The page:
A Beginner’s Guide to French Wines

By Erwan Heussaff

When it comes to French wine, the use of many French words on the labels may intimidate the beginner wine-drinker. A lot goes into reading and understanding the label, after which you would usually taste it and then deduce which varieties and regions you prefer. Here’s a little guide to decoding French wines.

Unlike with New World wines, where the distinction lies primarily in the type of grape used, French wines focus on where the wine was made, particularly the region, the year and the producer. Many wine regions in France blend together different grape varieties, so it makes more sense to distinguish between region or producer rather than grapes used. 

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Here’s a general tip to remember: Nowadays, it relatively easy to find out a general consensus about what year produced the best wines in which region. So look that up before delving any further. You could also familiarize yourself with all the different government certified denominations.

There are many wine-producing regions in France to explore, but here are main ones that should get you started on your wine journey:

1. Burgundy

In the Burgundy region, what’s most popular is Pinot Noir for red wine, and Chardonnay for white wine. But on the label, the classification depends on the land where the grapes were grown. As pointed out earlier, the more specific, the better. Wines from Burgundy start out regional (for example, Bourgogne Rouge), while the top wines name specific reputable (grand cru) vineyards.

2. Bordeaux

Bordeaux is divided by the Gironde River, resulting in wines from either the Left Bank (usually Cabernet Sauvignon) or the Right Bank (Merlots). Red wine from the Bordeaux region is made up of a variety of grapes. Blends are usually of Merlot, Cabernet Sauvignon/Franc, Malbec, and Petit Verdot. In this region, classification depends on the producer of the wine rather than the land on which the grapes grew.

3. Loire Valley

This region produces mostly white wines in its 4 regions: Pays Nantais, Anjou-Saumur, Touraine, and the Central Vineyards. The Anjou-Saumur and Touraine regions also produce Cabernet Franc, if you’re looking for a red wine from this valley.

4. Rhône

The area of Rhône is divided into North and South. The northern part is known for Syrah grapes, while the southern is known for Grenache grapes. Both parts produce full-bodied reds and mineral-like white wines.

5. Alsace

This region is the border of France and Germany, and most of the grapes grown here are white. For high-quality wine, be on the lookout for wines with noble grapes like Riesling, Pinot Gris, Gewurztraminer, and Muscat. These wines will have “Gentil” on the label, denoting a blend of noble grapes.

6. Languedoc-Roussillon

The Languedoc-Roussillon region is known for its sunny weather, as it sits on the coast of the Mediterranean. Wines here are quite similar to those produced in Australia or California. White wines are not common, meanwhile, reds and rosés have plenty of body and fruity, sweet flavors from the sun.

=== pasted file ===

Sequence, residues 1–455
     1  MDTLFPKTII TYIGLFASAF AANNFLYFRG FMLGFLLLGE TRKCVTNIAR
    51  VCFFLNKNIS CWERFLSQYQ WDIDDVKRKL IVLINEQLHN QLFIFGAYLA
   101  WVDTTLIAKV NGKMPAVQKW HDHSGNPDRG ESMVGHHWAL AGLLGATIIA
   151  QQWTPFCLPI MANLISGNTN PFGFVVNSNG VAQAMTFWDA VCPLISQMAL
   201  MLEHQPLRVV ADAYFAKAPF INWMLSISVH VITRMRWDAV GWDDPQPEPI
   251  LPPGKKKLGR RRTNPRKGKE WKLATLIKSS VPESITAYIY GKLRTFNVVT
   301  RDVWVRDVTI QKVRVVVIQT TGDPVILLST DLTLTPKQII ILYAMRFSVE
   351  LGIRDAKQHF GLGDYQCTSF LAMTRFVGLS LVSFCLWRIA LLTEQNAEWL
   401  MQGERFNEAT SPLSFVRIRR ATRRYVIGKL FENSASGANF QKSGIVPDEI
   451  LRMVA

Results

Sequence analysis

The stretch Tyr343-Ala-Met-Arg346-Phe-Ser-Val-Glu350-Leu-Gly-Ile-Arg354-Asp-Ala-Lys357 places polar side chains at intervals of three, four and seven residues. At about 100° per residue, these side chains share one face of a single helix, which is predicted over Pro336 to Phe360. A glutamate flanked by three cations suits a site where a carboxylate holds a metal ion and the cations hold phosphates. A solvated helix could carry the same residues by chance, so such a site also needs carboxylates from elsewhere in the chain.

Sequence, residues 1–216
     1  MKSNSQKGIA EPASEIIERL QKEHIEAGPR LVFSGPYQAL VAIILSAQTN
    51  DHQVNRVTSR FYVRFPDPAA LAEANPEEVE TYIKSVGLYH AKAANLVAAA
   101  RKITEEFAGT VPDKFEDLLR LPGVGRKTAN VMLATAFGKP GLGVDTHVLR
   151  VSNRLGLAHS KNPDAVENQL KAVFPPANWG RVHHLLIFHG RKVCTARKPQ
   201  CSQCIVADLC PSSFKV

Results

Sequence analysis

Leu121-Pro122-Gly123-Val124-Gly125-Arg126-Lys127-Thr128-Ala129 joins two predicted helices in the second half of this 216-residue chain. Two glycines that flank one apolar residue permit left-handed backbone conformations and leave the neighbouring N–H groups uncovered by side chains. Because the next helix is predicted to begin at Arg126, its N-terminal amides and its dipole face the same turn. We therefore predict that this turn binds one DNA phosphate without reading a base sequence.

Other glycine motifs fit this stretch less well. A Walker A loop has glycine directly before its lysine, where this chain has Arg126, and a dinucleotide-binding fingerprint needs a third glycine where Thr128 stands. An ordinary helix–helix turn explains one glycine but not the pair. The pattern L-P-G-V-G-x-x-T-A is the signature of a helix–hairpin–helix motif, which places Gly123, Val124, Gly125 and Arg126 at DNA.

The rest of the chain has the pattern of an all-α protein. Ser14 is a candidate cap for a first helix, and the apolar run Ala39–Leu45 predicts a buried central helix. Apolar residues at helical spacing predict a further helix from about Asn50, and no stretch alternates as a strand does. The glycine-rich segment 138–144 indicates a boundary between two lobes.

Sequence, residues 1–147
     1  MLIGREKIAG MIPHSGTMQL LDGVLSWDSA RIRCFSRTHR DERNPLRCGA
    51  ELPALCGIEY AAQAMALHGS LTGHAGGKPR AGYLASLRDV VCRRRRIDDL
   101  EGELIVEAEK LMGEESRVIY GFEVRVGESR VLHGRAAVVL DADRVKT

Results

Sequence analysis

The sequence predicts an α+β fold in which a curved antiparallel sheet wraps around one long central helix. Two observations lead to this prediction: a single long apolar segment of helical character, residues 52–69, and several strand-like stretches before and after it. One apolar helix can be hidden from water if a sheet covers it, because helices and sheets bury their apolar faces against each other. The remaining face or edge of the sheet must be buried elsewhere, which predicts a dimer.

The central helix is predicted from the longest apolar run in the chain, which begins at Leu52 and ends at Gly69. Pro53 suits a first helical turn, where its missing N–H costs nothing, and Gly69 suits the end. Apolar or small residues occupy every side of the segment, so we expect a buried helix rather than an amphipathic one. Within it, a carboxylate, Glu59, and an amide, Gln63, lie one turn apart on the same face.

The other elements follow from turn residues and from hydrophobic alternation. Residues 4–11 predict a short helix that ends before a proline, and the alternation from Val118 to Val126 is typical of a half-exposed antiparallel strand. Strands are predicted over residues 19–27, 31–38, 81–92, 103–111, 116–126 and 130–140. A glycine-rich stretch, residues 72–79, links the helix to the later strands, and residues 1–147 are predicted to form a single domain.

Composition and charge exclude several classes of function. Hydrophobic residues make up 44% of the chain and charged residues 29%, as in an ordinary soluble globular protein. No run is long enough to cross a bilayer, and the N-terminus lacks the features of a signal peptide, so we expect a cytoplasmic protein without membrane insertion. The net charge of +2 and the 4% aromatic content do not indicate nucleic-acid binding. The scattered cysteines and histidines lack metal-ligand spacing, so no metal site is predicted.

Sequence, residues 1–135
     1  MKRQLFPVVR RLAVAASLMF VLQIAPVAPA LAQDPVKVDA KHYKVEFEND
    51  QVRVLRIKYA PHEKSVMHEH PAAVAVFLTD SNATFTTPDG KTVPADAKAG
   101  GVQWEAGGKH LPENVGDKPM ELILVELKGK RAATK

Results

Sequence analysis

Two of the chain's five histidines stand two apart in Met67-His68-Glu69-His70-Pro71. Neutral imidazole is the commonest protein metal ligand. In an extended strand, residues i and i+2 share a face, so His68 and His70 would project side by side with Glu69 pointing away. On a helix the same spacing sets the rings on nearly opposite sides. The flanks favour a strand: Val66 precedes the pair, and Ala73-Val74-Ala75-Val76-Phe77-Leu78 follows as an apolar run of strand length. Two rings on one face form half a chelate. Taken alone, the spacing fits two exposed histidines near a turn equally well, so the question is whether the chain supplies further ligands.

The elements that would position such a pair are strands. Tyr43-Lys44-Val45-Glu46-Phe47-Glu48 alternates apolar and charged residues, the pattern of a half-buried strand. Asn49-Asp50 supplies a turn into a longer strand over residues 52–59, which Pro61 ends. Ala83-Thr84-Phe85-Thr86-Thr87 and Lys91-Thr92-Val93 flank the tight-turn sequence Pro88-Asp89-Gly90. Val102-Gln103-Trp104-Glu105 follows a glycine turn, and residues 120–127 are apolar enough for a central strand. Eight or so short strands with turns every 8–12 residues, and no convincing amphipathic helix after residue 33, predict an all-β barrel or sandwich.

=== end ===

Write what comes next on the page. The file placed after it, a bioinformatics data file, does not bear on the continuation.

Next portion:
7. Provence

If you love Rosé, head to Provence. No other wines are produced here save for red wine from the Bandol region.

8. Champagne

For authentic bubbly, make sure the wine you’re drinking is really from the Champagne region. The process is making champagne is very tedious, hence the steep price tag and exclusive prestige. Note that when a bottle from Champagne is labeled grand or premier cru, it refers to the village where the grapes come from.

At the end of the day, you should prioritize your taste preferences. Expensive or high-quality wine may not always suit your taste or budget. For true enjoyment of wine, experiment and find out what you like.

For something so steeped in history, you can guess that winemaking carries a lot of tradition. The Beaujolais Nouveau started as a local tradition in the Beaujolais region and in Lyon. Pitchers of the first wine of the season, straight from the barrels, would be served as a mark of celebration for the start of a fruitful season and while waiting for all the other barrels to produce more mature and developed wines. Eventually, this morphed into a national celebration and today, a worldwide phenomenon.

Around the third Thursday of November every year, about 60 million bottles of Beaujoulais nouveau are consumed all over the world. In Manila, the French Chamber of Commerce and Industry in the Philippines (CCI France Philippines) has led the celebration for the past 26 years, toasting the arrival of the Beaujolais Noveau while gathering over a thousand guests to the Soirée Beaujolais. On its 27th year, the Soirée Beaujolais gathers its guests to celebrate French wine and culture in the biggest French event of the year. CCI France Philippines is importing over a thousand liters of wine from the best wine regions in France.

Soirée Beaujolais will be held on November 24 at the Sofitel Harbor Garden Tent from 6 PM to the early morning. It is made possible by the event’s different sponsors- Diamond sponsors: BDO Unibank, FWD Insurance and Total Philippines, Gold sponsors: Euroasia Executive Search, Holcim Philippines, Jewelmer Joallerie and Pacific Hemisphere Development, Silver Sponsors: La Cornue, Jones Lang Lasalle, RatPDev Manila, Sanofi- Aventis Philippines and Metro Pacific Investments Corp, Bronze sponsors: Artelia Asiantechnicon, M. Lhuillier and Philippine Retirement Autority, Official Airline Sponsor: Air France, Official Wine Sponsor: Le Cellier Quality Store, Gold Raffle Sponsor: Acer Philippines.

Tickets are now on sale! You may purchase or reserve your tickets online at http://bit.ly/ccisoiree2017. For more information, please email events@ccifrance-philippines.org or call (02)831-6374.






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